Substrate Moisture Content Effects on Growth and Shelf Life of Angelonia angustifolia

in HortScience

Wilting during shelf life is a major cause of postharvest shrink for bedding plants shipped long distances from production greenhouses to retail outlets. The objective of this research was to determine if irrigation at lower, constant substrate moisture content (SMC) during greenhouse production would be a feasible way to acclimate plants for reduced shrinkage during shelf life while potentially conserving irrigation water. In two separate experiments conducted in the fall and spring seasons, rooted plugs of Angelonia angustifolia ‘Angelface Blue’ (angelonia) were grown in greenhouse production until a marketable stage in substrates irrigated at SMC levels of 10%, 20%, 30%, and 40% using a controlled irrigation system. At the end of the greenhouse production stage, plants were irrigated to container capacity and subjected to a simulated shipping environment in shipping boxes in the dark for 2 days. After shipping, plants were placed back in the greenhouse and watered minimally to simulate a retail environment. Data were taken at the end of each stage, i.e., greenhouse production, simulated shipping, and simulated retail. Results indicated that as SMC decreased from 40% to 10%, plants were shorter in height but had proportional and more compact flowering sections. The volume of water received by the 40% SMC plants was three times greater (fall) and 12 times greater (spring) than the 20% SMC plants during greenhouse production and two times greater (fall) and nine time greater (spring) during simulated retail. During production, midday water potentials decreased as the SMC levels decreased, but at the end of the simulated retail, the midday water potentials were the same, suggesting that plants that were drought-stressed during production were acclimated to lower water levels experienced in retail settings. Overall, the 20% SMC treatment produced the best postharvest quality plant resulting from reduced plant height without detrimental effects on flowering. The results demonstrate that while conserving water, controlled irrigation at a lower SMC can produce high-quality plants that have equal shelf life to those that are irrigated at high levels.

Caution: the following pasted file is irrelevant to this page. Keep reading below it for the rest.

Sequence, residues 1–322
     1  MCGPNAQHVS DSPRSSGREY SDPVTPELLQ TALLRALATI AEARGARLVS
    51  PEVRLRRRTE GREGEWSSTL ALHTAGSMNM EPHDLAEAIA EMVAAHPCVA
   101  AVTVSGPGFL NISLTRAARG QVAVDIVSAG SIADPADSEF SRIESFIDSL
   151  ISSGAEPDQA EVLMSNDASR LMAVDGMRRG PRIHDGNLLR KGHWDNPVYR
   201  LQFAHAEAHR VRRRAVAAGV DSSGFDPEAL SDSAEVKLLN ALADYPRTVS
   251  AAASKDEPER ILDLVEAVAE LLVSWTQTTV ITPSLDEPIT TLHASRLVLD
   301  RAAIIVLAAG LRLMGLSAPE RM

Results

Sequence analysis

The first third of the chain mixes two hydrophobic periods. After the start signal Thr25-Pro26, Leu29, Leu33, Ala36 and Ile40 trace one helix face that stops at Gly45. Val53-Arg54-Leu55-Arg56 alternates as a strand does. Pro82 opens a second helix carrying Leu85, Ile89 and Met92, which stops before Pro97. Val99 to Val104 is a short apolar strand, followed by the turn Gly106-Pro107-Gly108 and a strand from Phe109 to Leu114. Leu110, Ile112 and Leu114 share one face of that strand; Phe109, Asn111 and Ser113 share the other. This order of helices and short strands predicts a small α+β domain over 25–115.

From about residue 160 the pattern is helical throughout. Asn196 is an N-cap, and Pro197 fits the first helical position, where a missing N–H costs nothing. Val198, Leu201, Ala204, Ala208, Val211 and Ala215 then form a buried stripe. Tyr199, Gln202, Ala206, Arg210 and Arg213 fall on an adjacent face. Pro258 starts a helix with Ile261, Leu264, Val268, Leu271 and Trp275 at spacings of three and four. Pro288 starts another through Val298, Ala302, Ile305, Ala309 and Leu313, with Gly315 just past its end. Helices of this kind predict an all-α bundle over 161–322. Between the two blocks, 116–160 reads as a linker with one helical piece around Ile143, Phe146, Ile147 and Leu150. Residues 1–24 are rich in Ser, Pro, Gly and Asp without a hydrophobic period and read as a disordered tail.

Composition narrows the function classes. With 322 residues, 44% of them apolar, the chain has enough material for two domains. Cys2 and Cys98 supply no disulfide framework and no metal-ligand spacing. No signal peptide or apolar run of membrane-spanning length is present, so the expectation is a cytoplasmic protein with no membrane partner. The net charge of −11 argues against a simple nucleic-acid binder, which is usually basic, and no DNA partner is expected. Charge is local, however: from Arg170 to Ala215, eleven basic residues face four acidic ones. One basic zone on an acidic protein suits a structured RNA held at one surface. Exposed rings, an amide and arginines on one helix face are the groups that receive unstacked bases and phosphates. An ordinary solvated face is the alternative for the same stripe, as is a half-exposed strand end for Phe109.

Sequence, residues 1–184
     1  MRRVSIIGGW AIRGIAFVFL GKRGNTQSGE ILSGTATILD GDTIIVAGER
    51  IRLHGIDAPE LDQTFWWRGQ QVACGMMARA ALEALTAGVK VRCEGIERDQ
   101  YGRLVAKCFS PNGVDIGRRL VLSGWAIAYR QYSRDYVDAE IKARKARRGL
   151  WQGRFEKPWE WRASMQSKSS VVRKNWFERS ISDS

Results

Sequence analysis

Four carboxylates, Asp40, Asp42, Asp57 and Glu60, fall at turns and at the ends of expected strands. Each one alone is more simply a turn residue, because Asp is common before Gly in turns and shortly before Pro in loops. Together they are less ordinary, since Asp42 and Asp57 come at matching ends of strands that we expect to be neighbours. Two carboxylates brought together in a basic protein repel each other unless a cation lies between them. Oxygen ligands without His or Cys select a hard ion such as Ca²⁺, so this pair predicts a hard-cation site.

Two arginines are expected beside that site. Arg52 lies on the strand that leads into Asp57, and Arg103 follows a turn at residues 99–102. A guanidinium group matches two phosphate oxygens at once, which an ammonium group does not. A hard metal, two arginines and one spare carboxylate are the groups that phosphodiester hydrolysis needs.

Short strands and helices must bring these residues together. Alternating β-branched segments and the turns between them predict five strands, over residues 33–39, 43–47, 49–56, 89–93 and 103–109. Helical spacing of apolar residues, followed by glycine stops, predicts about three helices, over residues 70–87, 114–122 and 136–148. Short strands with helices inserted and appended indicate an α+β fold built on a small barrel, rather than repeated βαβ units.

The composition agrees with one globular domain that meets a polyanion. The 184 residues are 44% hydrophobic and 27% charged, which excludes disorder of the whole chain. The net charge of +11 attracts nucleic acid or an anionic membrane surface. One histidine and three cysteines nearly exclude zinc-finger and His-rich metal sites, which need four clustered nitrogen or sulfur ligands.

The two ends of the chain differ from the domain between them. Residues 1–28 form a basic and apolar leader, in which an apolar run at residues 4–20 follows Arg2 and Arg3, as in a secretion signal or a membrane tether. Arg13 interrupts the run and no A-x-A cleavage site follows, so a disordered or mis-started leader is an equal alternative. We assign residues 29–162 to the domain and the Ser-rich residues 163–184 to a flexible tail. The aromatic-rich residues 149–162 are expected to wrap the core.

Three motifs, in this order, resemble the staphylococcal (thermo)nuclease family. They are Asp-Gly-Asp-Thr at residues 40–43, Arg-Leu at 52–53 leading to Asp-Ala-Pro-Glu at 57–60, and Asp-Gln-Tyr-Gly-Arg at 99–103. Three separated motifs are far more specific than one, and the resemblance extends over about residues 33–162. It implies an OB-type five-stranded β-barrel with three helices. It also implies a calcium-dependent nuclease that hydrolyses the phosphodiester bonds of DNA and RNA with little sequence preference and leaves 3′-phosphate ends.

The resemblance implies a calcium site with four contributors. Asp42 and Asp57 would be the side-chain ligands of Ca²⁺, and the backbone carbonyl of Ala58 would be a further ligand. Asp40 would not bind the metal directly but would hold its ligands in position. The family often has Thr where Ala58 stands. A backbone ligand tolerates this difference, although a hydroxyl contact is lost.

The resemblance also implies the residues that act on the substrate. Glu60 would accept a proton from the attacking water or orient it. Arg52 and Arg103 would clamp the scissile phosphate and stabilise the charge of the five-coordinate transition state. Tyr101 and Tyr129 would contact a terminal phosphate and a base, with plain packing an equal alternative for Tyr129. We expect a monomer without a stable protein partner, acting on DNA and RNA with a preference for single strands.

Abstract

Wilting during shelf life is a major cause of postharvest shrink for bedding plants shipped long distances from production greenhouses to retail outlets. The objective of this research was to determine if irrigation at lower, constant substrate moisture content (SMC) during greenhouse production would be a feasible way to acclimate plants for reduced shrinkage during shelf life while potentially conserving irrigation water. In two separate experiments conducted in the fall and spring seasons, rooted plugs of Angelonia angustifolia ‘Angelface Blue’ (angelonia) were grown in greenhouse production until a marketable stage in substrates irrigated at SMC levels of 10%, 20%, 30%, and 40% using a controlled irrigation system. At the end of the greenhouse production stage, plants were irrigated to container capacity and subjected to a simulated shipping environment in shipping boxes in the dark for 2 days. After shipping, plants were placed back in the greenhouse and watered minimally to simulate a retail environment. Data were taken at the end of each stage, i.e., greenhouse production, simulated shipping, and simulated retail. Results indicated that as SMC decreased from 40% to 10%, plants were shorter in height but had proportional and more compact flowering sections. The volume of water received by the 40% SMC plants was three times greater (fall) and 12 times greater (spring) than the 20% SMC plants during greenhouse production and two times greater (fall) and nine time greater (spring) during simulated retail. During production, midday water potentials decreased as the SMC levels decreased, but at the end of the simulated retail, the midday water potentials were the same, suggesting that plants that were drought-stressed during production were acclimated to lower water levels experienced in retail settings. Overall, the 20% SMC treatment produced the best postharvest quality plant resulting from reduced plant height without detrimental effects on flowering. The results demonstrate that while conserving water, controlled irrigation at a lower SMC can produce high-quality plants that have equal shelf life to those that are irrigated at high levels.

Retail environments for marketing floriculture crops have a wide range of light levels and temperature. One common characteristic is that irrigation is almost never optimum as a result of untrained personnel or understaffing. Watering practices at retail venues may be indiscriminate, i.e., all plants are watered on the same time schedule regardless of their need resulting in some plants being overwatered and some underwatered. Conversely, watering may be limited, i.e., plants are allowed to wilt before they are watered. Either watering regimen is detrimental to plant health and hastens their decline in postharvest quality and shelf life at the retail level.